To reach this conclusion, Williams started with the series that carries his name. He observed that cells are constrained to follow the Irving-Williams series when they pump metal ions in and out to maintain particular metal concentrations inside the cytoplasm. Concentrations of sticky ions like copper must be kept low lest they stick to the wrong thing, while less sticky ions like manganese can be kept at higher concentrations. This results in a graph of cytoplasmic transition metal concentrations being the exact inverse of the Irving-Williams series: when binding is tight, concentrations are low, and vice versa (see the graph on the right). This general rule applies to life at all places – and at all times.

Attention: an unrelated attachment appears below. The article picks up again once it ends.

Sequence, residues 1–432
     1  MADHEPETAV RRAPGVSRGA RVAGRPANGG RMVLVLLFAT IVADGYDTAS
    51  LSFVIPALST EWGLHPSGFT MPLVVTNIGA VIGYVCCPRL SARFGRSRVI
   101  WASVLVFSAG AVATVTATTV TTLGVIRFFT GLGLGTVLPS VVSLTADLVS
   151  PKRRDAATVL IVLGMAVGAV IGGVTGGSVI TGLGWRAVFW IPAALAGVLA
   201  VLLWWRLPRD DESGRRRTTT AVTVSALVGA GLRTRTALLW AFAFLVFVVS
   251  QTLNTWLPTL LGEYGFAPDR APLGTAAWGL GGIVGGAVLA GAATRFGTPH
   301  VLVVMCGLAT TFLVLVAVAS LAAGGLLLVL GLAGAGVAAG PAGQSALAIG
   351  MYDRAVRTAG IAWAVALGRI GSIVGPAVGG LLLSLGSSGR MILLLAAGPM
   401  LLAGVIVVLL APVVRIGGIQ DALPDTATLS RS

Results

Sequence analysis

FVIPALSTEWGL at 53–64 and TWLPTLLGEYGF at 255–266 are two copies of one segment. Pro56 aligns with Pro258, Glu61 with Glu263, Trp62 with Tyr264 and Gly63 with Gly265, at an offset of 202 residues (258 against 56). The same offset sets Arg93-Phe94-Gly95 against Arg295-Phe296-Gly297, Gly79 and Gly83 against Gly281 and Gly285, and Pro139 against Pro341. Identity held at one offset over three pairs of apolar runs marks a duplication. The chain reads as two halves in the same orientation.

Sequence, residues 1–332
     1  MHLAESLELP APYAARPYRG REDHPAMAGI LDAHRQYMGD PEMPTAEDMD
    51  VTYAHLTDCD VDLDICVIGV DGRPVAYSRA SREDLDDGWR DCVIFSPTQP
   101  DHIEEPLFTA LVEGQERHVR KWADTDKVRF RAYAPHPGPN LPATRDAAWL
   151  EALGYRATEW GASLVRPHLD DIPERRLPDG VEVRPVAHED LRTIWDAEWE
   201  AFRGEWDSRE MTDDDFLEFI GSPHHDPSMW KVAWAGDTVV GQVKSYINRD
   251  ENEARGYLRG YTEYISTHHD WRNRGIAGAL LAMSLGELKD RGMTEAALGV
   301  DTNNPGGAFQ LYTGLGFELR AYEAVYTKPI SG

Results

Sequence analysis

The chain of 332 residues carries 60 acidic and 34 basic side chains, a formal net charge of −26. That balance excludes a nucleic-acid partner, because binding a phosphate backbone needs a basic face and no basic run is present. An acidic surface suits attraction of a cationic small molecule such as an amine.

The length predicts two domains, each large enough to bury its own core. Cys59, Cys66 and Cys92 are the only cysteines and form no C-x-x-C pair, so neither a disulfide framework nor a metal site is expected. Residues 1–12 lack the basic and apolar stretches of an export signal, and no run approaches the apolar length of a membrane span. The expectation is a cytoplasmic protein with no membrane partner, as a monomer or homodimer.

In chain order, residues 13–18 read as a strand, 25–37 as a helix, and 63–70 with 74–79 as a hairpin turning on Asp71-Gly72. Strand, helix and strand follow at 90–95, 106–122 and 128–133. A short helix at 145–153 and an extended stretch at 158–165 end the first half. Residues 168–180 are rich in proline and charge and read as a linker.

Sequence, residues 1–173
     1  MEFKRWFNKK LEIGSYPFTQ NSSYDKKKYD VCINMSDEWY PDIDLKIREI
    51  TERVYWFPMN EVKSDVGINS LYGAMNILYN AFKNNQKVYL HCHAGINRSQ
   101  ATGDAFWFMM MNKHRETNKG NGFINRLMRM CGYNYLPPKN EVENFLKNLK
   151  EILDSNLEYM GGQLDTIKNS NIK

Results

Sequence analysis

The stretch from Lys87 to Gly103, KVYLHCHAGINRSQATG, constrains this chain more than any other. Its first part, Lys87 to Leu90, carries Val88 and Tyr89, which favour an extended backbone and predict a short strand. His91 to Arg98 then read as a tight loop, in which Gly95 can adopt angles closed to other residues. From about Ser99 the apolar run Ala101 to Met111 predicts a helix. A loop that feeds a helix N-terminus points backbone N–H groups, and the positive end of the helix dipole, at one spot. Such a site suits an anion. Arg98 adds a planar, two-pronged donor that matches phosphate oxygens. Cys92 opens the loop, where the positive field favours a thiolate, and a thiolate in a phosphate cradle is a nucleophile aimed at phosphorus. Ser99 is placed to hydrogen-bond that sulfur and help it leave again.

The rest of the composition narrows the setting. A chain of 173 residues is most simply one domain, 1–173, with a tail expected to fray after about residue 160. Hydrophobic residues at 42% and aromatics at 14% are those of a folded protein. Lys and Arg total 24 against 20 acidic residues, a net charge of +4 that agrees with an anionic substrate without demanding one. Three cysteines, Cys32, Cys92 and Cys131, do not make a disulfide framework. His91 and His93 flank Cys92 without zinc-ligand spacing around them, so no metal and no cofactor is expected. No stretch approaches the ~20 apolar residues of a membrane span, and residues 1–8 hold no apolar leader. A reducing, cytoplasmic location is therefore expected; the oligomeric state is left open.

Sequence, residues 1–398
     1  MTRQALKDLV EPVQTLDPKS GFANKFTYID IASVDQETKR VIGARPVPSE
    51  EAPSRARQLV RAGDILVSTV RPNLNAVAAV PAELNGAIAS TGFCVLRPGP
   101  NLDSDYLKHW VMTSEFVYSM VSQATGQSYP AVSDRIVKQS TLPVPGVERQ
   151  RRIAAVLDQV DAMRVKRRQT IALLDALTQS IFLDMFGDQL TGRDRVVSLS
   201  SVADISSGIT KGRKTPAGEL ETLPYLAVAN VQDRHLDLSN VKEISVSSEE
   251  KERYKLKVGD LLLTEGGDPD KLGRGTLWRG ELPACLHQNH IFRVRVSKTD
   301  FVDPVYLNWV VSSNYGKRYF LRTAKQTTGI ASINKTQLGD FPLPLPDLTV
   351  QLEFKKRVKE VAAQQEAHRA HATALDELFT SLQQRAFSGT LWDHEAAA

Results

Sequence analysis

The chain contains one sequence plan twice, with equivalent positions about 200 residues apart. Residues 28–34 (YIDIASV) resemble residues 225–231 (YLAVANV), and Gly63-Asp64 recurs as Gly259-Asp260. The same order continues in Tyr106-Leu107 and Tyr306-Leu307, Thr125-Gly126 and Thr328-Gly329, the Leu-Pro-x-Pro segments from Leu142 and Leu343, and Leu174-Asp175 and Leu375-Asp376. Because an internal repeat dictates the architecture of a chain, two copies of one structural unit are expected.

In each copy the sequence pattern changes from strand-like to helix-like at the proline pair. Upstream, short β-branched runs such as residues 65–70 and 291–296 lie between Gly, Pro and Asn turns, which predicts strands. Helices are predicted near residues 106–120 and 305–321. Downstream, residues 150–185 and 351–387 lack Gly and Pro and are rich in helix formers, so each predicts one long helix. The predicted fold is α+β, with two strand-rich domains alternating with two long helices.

Williams combined three observations to make a prediction:

  1. Chemical observation: Transition metal stickiness follows the periodic table order.
  2. Geological observation: Oxygen increased in the air over billions of years and oxidized the entire planet, including some transition metals.
  3. Biological observation: Cells need to use metals that are dissolved and free in solution, not stuck in a big chunk of rock.

By following the chemical rules of how oxygen would react and how metals combine and dissolve, Williams argued that life on the ancient earth could only use elements on the left side of the series (manganese, iron, cobalt, and nickel) while more recent, complex life use more elements on the right side of the series (copper and zinc).